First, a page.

As word of B.J. “Red” McCombs’ death spread Monday, local leaders and others described the countless ways in which San Antonio is a better city because of the contributions of the gregarious local auto magnate, civic leader and self-professed sports addict.

And that’s just the stuff people know about.

“There are so many stories — things that he’s done behind the scenes that nobody knows,” said longtime San Antonio developer Marty Wender.

The billionaire businessman died Sunday at age 95, leaving a legacy told in colossal numbers that go far beyond his net worth. Funeral services for McCombs are set for Monday, Feb. 27, at 10 a.m. at the Tobin Center for the Performing Arts.

Most know McCombs as a car dealership owner. But few people know that he was not a good driver himself, Wender said. Wender often drove them both to Austin for meetings at the suggestion of McCombs’ wife, Charline, concerned for their safety.

“I would pick him up and I would listen to his stories about how he did business and how he did things,” Wender said. “I got a degree from the ‘McCombs School of Business’. … I got a Ph.D. being Red’s driver.”

McCombs was a mentor to him. And more. 

“Besides my own father, he was like a father figure to me — he was the person that I would always go to,” Wender said. 

Wender also credits McCombs with helping him close the deal on SeaWorld of Texas in the mid-1980s, a move which ultimately anchored the future of Westover Hills and propelled the rapid development of far West San Antonio.

“SeaWorld would not be in San Antonio if it wasn’t for Red helping me see [Texas] Gov. Mark White,” Wender said. “But I could tell you a hundred other stories.”

Former Mayor Henry Cisneros had a more singular description of the time he spent with McCombs: he was “one-of-a-kind.” McCombs was also outspoken when it came to doing what was needed for San Antonio to thrive, Cisneros said.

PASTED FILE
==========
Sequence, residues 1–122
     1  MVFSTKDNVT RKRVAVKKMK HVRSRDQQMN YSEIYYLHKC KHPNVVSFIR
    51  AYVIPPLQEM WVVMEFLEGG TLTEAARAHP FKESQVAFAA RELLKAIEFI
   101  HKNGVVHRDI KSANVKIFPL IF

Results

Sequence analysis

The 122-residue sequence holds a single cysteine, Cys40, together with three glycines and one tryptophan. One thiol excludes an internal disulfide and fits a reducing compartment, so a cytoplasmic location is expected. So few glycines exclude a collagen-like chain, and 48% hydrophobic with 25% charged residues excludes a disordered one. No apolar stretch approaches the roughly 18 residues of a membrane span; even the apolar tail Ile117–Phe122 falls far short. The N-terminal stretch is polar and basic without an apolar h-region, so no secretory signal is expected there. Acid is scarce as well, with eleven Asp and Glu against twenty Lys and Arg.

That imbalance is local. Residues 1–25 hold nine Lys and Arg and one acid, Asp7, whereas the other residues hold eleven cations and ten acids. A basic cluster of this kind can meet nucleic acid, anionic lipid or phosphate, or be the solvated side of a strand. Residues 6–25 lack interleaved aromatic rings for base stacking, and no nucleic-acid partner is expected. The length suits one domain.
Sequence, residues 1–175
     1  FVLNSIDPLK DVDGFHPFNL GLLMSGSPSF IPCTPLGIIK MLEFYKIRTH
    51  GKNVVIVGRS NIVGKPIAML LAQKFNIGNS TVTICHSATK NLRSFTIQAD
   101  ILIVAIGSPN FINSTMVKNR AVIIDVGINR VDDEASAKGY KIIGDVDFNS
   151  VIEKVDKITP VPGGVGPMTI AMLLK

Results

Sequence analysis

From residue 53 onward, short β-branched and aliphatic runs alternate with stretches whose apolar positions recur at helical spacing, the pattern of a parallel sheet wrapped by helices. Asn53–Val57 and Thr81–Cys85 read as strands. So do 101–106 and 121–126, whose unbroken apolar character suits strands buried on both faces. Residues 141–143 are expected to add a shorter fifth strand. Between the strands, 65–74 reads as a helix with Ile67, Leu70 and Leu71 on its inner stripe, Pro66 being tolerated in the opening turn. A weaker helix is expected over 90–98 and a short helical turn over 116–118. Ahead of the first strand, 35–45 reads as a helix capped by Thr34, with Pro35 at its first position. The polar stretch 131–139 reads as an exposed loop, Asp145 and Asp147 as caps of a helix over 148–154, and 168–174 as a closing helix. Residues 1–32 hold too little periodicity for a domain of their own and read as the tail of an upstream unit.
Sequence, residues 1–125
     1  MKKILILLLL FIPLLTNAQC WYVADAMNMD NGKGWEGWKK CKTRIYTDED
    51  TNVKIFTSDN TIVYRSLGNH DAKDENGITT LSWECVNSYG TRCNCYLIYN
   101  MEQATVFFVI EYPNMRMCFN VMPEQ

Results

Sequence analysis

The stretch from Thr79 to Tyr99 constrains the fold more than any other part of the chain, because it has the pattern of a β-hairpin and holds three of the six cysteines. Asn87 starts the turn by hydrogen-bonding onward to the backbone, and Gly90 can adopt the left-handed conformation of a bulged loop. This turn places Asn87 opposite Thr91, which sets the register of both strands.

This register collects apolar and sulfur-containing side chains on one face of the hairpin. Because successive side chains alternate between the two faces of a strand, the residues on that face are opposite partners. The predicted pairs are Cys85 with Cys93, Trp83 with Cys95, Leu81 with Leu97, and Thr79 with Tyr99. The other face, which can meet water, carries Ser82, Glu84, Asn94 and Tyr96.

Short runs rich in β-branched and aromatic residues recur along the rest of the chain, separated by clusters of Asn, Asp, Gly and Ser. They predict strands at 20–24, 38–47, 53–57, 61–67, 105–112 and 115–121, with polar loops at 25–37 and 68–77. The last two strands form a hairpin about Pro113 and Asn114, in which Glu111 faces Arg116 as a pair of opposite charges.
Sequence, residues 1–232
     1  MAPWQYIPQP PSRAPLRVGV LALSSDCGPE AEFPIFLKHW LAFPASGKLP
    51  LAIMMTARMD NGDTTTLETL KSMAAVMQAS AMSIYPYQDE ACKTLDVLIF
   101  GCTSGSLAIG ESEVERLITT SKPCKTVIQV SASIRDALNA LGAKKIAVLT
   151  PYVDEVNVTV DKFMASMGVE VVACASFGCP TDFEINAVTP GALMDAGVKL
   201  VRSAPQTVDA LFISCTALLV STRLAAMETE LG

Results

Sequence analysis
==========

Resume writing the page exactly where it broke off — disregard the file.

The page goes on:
“Red had very little patience for people who were negative or ambiguous or neutral on important matters,” Cisneros said. “Of all the attributes associated with him, the one that stands out for me is his optimism and his commitment to do it.”

McCombs’ philanthropy is well-documented. But his generosity exceeds the news headlines and multimillion-dollar donations, Cisneros said. 

Cisneros recalled often referring people to McCombs to present their business proposals. One day, Cisneros asked for forgiveness.

“Don’t ever apologize for sending me people with good ideas,” Cisneros remembers McCombs saying to him. “You don’t understand, I have popcorn stands all over town,” in other words, businesses no one even knows about.

But McCombs’ interests in all aspects of San Antonio’s growth were substantial, said Cisneros, naming off Hemisfair, Greater:SATX, the San Antonio Spurs, the Alamodome, McAllister Freeway, UTSA and a network of car dealerships. 

“Red’s passing marks the passing of an era,” Cisneros said. “He was the last of a group of leaders who created modern San Antonio.”

The mark McCombs left on San Antonio was also recognized by Mayor Ron Nirenberg in a tweet on Monday. “His influence was instrumental in creating the city we know today. Our hearts are with the McCombs family and the thousands of residents he uplifted through his generosity.”

McCombs was one of the last titans of industry, said Eddie Aldrete, former senior vice president of IBC Bank. But he was also very engaged in civic matters and politics.

McCombs was a major donor to Republican candidates, Aldrete said, and part of a group of business leaders who sought unsuccessfully to bring the Republican National Convention to San Antonio in 2020.

“[McCombs] was always focused on judicial races. He wanted to make sure that people were better educated about the judges that they were voting for.”

In the early 1970s, sports became more than a pastime for McCombs when he brought professional basketball to San Antonio. In 1987, he recruited Naval Academy cadet and center David Robinson to the San Antonio Spurs. 

The rest is notable San Antonio history, as No. 50 went on to become an NBA All-Star and 1995 MVP, and lead the Spurs to two championships, in 1999 and 2003.